The Effects of Typographic Features on the Eye Movements in the Reading of Chinese


Student thesis: Doctoral Thesis

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Awarding Institution
Award date17 May 2017


The typographic features of written Chinese texts significantly impact legibility and readability and essentially influence reading behaviours. Setting the typographic features within their optimal ranges in experiments on Chinese reading is critical to ensure the validity, reliability and consistency of experimental outcomes. Nevertheless, few previous reading experiments reported or included an examination of the readability under their typographic settings, leaving it unclear whether the obtained results would have any deviation from the true characteristics of normal reading.

The goal of this dissertation is to investigate the effects of four typographic features on eye movements in reading written Chinese: text-background luminance contrast (henceforth referred to as luminance contrast), word spacing, character size and character spacing. Specifically, the aim is to detect the optimal ranges of these typographic features for written Chinese. Moreover, readers’ eye movement characteristics are compared under optimal and non-optimal settings of these features to determine which aspects of reading are affected.

The first experiment examines the effect of luminance contrast on reading Chinese and finds (1) the optimal range of contrast ratio to be 2.454–7.523:1 and (2) low luminance contrast to significantly prolong fixation and overall reading time while leaving fixation frequency, fixation distribution and comprehension level almost unchanged. The cause to (2) slow visual information extraction due to low quality of reading stimulus at low luminance contrast. The result of the second experiment show that word spacing, regardless of the consistency of word segmentation, reduces reading efficiency compared to the normal unspaced layout, which is different from Bai et al.’s (2008) that the two conditions give similar reading efficiency. Compared to the normal unspaced condition, word spacing increases the reading speed on word, but slows down the overall reading, due to significantly more fixations on spaces. The comparison of three spaced conditions (i.e., character spaced, non-word spaced and word spaced) reveals that the ratio of spaces to characters modulates fixation distribution: the more spaces, the more fixations on spaces. The third experiment examines the effects of character size and character spacing, and finds the optimal range of character size to be a visual angle of 0.6-1° and the optimal character spacing to be 0. Reading proficiency decreases along with increase of character spacing, and an increase in either variable of these two narrows perceptual span and leads to increased number of fixations. Fixation distribution is also affected by these two variables, but in an opposite way: the larger the character size/the smaller the character spacing, the larger the proportion of fixations on characters. This appears to suggest that saccade planning in Chinese reading is largely affected by spatial factors.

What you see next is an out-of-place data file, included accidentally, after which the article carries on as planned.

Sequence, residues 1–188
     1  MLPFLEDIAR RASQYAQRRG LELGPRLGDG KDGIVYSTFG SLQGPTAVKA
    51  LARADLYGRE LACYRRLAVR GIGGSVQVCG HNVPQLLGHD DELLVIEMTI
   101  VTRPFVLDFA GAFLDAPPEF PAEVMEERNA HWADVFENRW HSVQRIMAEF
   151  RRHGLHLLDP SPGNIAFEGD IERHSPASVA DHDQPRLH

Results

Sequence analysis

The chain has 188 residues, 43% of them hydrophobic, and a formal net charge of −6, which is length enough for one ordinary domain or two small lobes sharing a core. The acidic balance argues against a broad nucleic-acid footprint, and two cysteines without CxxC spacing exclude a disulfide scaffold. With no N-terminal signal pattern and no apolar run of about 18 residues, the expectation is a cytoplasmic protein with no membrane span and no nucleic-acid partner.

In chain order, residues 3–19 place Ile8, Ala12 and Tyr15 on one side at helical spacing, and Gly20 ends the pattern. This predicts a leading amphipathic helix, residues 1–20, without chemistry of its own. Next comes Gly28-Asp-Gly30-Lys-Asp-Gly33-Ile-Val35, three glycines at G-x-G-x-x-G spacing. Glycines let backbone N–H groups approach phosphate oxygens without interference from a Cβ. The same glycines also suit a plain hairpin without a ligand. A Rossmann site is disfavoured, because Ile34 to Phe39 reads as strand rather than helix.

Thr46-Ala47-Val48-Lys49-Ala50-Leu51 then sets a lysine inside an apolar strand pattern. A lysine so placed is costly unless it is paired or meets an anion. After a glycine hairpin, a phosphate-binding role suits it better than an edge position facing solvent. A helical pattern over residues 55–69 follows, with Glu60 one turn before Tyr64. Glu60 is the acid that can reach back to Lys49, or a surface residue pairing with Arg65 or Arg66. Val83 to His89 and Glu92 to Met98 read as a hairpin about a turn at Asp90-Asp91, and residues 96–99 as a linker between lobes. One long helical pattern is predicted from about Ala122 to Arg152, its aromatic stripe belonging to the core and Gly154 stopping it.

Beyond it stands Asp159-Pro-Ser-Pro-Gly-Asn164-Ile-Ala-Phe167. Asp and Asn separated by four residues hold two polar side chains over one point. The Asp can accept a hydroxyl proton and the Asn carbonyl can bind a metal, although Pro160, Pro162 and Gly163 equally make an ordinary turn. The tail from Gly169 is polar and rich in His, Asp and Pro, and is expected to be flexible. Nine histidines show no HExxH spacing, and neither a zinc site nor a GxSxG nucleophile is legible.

In summary, the above outcomes help fill the gap between the research in human factors and psycholinguistics concerning Chinese reading, and suggest an optimal setting for each of these typographic features for our future reading experiments to increase their validity and reliability.